– Amendments to the dead rubber policy across the World Group and Zone Groups I and II now mean that no fifth rubber will be played if the fourth rubber is decisive, the same as the current rule for the Davis Cup Final.
– In the World Group, only the fourth rubber will be played if the score is 3-0. The fourth rubber will be best-of-three tiebreak sets.
There is Davis Cup action this weekend taking place across the globe with last year’s finalists both playing with a home-court advantage as defending champions France host the Netherlands in Albertville, and runners-up Belgium host Hungary in Liege.
Some nations are missing their biggest stars with Spain hosting Great Britain without an injured Rafael Nadal, and the Brits fielding a team without Andy Murray, who is recovering from hip surgery.
Serbia are Novak Djokovic-less in their home tie against USA while Switzerland face Kazakhstan sans Roger Federer and Stan Wawrinka.
Here’s a look at the standout statistics ahead of this weekend’s Davis Cup World Group matches.
1 – Spain’s top player this weekend in their tie against Great Britain, Pablo Carreno Busta, has won just one of the four live rubbers he has ever contested in Davis Cup.
1 – win and four losses for Germany’s top man this weekend, Alexander Zverev, in Davis Cup.
2 – Only twice have all five rubbers of a Davis Cup tie gone to 5 sets – the 1946 European Zone semi-final that saw Yugoslavia defeat France 3-2 and the 2003 World Group play-off when Romania defeated Ecuador 3-2.
2 – Japan are bidding to reach the World Group quarter-finals for just the second time.
3 – France joined Great Britain in third place on the list of most Davis Cup titles won when they triumphed over Belgium in the final last year to claim a 10th trophy in the competition.
4 – Serbia have won four of their last five home ties. They host USA in Nis this weekend.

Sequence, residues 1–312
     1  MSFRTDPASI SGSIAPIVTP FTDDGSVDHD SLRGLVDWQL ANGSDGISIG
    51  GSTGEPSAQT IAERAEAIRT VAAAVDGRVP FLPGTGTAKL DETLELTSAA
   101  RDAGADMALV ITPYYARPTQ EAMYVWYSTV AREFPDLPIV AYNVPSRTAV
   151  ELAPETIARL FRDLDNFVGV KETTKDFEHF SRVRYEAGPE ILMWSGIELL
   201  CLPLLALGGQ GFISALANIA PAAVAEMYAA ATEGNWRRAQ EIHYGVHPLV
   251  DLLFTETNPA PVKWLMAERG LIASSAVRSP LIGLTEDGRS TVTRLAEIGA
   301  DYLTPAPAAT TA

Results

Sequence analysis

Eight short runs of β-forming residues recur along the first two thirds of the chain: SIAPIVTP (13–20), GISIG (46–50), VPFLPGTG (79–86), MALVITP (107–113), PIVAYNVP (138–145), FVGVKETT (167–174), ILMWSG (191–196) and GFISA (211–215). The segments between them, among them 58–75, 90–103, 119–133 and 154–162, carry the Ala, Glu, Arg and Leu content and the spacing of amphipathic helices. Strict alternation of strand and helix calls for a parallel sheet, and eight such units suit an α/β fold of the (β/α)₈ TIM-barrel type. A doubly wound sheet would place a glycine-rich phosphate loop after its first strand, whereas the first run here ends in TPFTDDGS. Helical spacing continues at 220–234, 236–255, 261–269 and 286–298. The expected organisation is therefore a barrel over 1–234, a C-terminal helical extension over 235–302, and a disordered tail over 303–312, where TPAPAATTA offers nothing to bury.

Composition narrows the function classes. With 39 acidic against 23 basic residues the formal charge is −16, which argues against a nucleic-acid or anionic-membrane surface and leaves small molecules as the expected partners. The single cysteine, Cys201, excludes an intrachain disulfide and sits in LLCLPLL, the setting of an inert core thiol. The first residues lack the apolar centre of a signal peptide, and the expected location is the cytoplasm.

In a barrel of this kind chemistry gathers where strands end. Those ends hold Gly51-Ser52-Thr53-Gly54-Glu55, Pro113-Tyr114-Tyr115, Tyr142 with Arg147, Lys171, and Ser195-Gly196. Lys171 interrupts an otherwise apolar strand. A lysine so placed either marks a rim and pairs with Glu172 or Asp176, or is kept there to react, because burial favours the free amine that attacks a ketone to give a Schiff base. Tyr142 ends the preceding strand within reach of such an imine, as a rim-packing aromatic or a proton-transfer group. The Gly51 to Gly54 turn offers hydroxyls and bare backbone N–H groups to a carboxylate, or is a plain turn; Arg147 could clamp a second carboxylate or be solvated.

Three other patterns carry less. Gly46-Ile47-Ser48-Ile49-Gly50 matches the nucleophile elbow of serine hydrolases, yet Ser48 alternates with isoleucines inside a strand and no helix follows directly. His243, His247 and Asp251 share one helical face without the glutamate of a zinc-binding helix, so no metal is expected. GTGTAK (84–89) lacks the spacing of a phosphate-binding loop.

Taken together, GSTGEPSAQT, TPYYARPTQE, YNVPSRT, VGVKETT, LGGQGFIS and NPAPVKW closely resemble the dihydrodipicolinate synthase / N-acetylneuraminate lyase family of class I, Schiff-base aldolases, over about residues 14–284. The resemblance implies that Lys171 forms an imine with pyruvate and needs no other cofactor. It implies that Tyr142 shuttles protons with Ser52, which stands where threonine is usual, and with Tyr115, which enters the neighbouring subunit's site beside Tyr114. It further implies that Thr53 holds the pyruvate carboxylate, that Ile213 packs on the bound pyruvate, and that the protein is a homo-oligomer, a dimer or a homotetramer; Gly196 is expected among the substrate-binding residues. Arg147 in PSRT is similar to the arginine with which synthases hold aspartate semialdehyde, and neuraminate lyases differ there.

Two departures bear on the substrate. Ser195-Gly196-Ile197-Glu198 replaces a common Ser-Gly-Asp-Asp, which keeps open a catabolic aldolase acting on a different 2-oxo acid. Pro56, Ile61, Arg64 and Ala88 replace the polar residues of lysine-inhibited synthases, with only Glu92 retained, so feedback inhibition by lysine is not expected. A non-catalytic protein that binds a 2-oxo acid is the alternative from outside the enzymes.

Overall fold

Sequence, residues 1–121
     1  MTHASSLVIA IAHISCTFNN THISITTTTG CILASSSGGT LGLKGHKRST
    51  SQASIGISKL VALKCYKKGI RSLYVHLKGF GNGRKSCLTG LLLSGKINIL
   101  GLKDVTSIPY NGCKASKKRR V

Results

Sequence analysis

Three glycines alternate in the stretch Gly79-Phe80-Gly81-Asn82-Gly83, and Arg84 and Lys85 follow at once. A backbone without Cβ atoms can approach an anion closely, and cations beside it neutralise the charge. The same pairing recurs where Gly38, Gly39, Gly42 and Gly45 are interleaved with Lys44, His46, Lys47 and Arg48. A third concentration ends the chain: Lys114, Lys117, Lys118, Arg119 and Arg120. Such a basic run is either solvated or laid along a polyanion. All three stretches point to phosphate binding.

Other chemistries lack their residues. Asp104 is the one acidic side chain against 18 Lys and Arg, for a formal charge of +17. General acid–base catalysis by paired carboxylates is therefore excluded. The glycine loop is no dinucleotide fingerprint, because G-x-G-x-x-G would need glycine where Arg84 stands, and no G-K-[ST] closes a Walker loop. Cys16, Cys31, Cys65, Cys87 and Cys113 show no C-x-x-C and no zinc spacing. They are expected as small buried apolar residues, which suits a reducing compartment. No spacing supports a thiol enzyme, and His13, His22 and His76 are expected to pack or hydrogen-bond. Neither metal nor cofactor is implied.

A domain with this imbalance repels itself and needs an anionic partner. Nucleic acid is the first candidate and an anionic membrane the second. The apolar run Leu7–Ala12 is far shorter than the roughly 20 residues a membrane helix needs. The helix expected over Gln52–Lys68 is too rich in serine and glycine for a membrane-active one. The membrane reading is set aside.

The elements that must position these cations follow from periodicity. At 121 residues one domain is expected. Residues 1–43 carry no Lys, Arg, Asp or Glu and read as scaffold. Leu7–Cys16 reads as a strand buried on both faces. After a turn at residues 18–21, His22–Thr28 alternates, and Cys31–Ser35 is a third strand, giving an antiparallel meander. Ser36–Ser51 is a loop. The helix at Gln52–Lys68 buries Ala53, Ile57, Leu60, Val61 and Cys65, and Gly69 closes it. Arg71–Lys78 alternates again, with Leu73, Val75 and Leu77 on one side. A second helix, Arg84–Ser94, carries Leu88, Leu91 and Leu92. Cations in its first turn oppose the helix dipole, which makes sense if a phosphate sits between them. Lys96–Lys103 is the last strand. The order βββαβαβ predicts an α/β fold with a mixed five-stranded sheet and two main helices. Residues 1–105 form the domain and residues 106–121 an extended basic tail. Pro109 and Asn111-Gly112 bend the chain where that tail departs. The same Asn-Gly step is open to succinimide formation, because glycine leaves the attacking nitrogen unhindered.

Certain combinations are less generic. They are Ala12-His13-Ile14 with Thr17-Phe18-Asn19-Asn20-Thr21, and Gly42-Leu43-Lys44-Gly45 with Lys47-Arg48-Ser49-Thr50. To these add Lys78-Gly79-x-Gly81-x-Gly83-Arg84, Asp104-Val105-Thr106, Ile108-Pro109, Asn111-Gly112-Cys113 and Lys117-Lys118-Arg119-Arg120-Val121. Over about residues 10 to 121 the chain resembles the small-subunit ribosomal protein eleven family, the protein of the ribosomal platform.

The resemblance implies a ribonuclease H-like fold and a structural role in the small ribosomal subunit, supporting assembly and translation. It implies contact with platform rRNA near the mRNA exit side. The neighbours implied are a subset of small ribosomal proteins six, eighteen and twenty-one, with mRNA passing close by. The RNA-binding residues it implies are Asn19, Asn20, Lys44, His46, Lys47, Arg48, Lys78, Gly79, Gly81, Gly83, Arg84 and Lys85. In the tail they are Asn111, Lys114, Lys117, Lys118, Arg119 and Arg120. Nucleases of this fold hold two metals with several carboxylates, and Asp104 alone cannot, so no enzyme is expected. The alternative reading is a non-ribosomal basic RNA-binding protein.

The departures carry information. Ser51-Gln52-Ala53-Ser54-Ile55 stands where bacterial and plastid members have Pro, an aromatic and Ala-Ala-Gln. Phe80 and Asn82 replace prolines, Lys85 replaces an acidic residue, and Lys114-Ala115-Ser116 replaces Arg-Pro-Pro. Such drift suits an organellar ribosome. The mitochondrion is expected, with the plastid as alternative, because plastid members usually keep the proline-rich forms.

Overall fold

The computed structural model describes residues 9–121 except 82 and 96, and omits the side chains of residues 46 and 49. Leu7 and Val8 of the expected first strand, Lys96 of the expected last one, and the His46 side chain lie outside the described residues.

5 – years since Serbia have last won a tie on clay. They play USA on indoor clay this weekend.
5 – Spain’s Roberto Bautista Agut is on a five-match winning streak in Davis Cup. He’ll be looking to extend that when they face GB this weekend in Marbella.
5 – Great Britain are looking to reach the quarter-finals for a fifth straight year.
5 – Australia have played five of their last six ties at home. They host Germany in Brisbane this weekend.
5 – Australia’s Nick Kyrgios has won five of his last six Davis Cup rubbers, with the only loss coming against David Goffin in the semi-finals last year.
6 – hours and 43 minutes, is the length of the longest singles rubber in Davis Cup history. It took place when Argentina’s Leonardo Mayer defeated Brazil’s Joao Souza in the World Group first round in 2015.
7 – France have won seven of their last eight home ties in Davis Cup.
7 – Great Britain’s Jamie Murray has won seven of his last eight Davis Cup doubles rubbers.
9 – France are bidding to reach the quarter-finals for a ninth consecutive year.
10 – wins and 0 losses for France against the Netherlands in their Davis Cup history. They square off in Albertville, France this weekend. Their most recent meeting was in 2009.
10 – comebacks from 0-2 down in Davis Cup World Group ties have ever been completed. Sweden has produced four of these comebacks. Croatia recorded the most recent one, defeating USA in Portland in the quarter-finals in 2016.
13 – Andreas Seppi is competing in Davis Cup for the 13th year, putting him joint-third on the list for most years played by an Italian player, along with current captain Corrado Barazzutti.
14 – Great Britain and Spain are meeting for a 14th time in Davis Cup but the first since 1986. The Brits lead their head-to-head 8-5.
15 – nations in total have ever won the Davis Cup with USA leading with 32 title wins in the competition.
17 – Belgium’s David Goffin has won 17 of his last 18 Davis Cup singles rubbers.
24 – wins and 10 losses for Marin Cilic in Davis Cup singles rubbers – the most by any Croatian. He could equal Ivan Ljubicic’s record for most Davis Cup match wins by a Croatian player (in singles and doubles) if he triumphs in three rubbers this weekend against Canada in Osijek.
25 – Italy’s Fabio Fognini could reach 25 Davis Cup match wins if he claims a rubber this weekend against Japan. He is currently 24-11 overall in the competition and has competed for his nation every year since 2008.
25 – years since Germany last won the Davis Cup (they are three-time champions in the competition).